The talk in the build-up to the Old Firm clubs locking horns in Sunday’s Scottish Cup semi-final has been of Celtic completing a Premier-era record of 10 straight games without loss against their rivals. Simon Donnelly would contend that will come to pass because his old club hold an 11-strong advantage.
Ahead of the teams’ last meeting at Ibrox a month ago, the impressive form of Graeme Murty’s men led to many believing they could topple their treble-chasing adversaries in a one-off. One website went as far as to suggest the remoulding of Rangers in the January transfer window had created a personnel swing that meant any select formed from the two teams would feature seven players from the Ibrox side and only four Celtic performers. If Donnelly was tasked with creating such a starting XI, though, his entire line-up would hail from Brendan Rodgers’ squad.
“No, I don’t think so,” said the former Celtic striker from the 1990s, when asked if any Rangers players would “get in the Celtic team”. “You could argue the right back [James] Tavernier has been decent this season, but I wouldn’t swap anybody in Celtic’s team. They are winners at the moment. Until somebody knocks them off their perch, I wouldn’t swap any of them.”
Donnelly’s time at Celtic coincided with the only previous nine-game sequence when one of these derby combatants couldn’t get the better of the other. Between 1995 and 1997, as Rangers under Walter Smith homed in on a nine-in-a-row run of titles, Celtic couldn’t buy a win in the fixture for almost two years.
Donnelly played in eight of the winless nine consecutive derbies for Celtic – three of them drawn. The brittleness that then seemed to leave Tommy Burns’ often brightly-performing side feeling permanently bedevilled in the fixture, he detected in Rangers five weeks ago. Their 3-2 loss to Celtic on that occasion – having led twice and held a man advantage for almost half an hour, and with Alfredo Morelos missing from two yards out at the close – could only engender that.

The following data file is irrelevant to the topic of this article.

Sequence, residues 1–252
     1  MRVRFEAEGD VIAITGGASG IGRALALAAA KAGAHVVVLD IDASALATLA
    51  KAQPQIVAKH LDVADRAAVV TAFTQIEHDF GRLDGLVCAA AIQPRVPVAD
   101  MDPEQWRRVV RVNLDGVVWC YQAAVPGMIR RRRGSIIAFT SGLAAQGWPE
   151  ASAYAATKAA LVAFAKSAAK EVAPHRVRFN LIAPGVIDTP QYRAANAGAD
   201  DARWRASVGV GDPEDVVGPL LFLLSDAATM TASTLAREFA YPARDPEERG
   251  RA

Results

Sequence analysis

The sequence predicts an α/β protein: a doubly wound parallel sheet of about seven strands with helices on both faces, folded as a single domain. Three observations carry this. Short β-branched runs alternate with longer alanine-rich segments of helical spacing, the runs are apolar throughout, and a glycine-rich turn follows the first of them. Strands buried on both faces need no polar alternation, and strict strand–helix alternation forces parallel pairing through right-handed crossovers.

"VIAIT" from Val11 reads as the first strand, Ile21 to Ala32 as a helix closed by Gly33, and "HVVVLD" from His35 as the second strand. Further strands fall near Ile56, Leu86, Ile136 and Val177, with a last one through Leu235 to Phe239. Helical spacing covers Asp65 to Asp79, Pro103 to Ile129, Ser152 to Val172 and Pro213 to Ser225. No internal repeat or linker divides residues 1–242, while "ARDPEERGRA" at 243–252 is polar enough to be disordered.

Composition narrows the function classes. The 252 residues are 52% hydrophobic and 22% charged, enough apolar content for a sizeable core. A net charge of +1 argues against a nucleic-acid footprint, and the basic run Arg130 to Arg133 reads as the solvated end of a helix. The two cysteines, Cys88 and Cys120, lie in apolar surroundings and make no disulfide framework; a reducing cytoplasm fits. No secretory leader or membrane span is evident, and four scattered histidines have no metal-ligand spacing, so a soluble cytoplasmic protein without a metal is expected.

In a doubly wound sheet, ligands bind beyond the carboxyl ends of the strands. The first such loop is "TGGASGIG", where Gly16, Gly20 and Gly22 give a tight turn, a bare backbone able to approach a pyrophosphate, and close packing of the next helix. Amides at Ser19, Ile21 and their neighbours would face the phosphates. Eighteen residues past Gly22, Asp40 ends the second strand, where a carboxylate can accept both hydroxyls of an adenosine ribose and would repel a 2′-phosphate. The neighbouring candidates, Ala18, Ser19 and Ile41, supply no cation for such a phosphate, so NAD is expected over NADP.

“Celtic managed the game like champions and did really well,” Donnelly said. “Back in the 1990s, when Rangers had a hold over us, it didn’t take a lot to dent confidence. How many times did a Celtic side back then play well and Rangers would go up the park and score and you’d think ‘ here we go again’?
“That looked like what happened to Rangers. They were pegged back twice and right on half-time too. They’d be asking themselves ‘how do we beat this team?’ Celtic are behaving like champions. They also still have the quality players which Rangers don’t have.”
Yet despite that gulf between the teams, those of a Rangers disposition talked up their prospects before that league derby. Donnelly’s 1990s Celtic team-mate Tom Boyd feels they did so all-too-much, Graeme Murty revealing his players had cheered drawing Celtic in the semi-final not an admission that seemed to serve him or his players particularly well.
“I would hope so,” said the now Celtic ambassador Boyd over the possibility of the manner of that Ibrox defeat affecting Rangers in the semi. “I certainly don’t think they’ll be as cocky going into that one as they were the last time out. They won’t be cheering about the prospect of facing Celtic like they were when the draw was made. As long as Celtic turn up for this one, they have a great chance of going through to the final.”
The last time a double/treble chasing Celtic didn’t go through to a final was also Rangers’ last success over their bitter rivals. Yet, with the Rangers directors’ goal celebrations during the Ibrox men’s 2016 Scottish Cup semi-final shoot-out triumph accepted as the catalyst for Celtic’s major shareholder Dermot Desmond upping the ante to pursue Brendan Rodgers, Boyd doesn’t regret that afternoon, on reflection.
“We can thank that game for happening,” he said. “There is always a ray of sunshine when you are depressed. It didn’t feel like it at the time but the light at the end of the tunnel was that Brendan came and made an immediate impact that everyone would have dreamed of.
“Certainly that was the case with the level of consistency since he arrived – extraordinary. Celtic have still only lost two games domestically over the course of two seasons and that is a stunning level of consistency. The levels of professionalism from him and his backroom staff are managing to maintain that level.
“It might not have happened had the result gone the other way. But regardless of it all, as Scott Brown said, these Celtic players do their talking on the park.”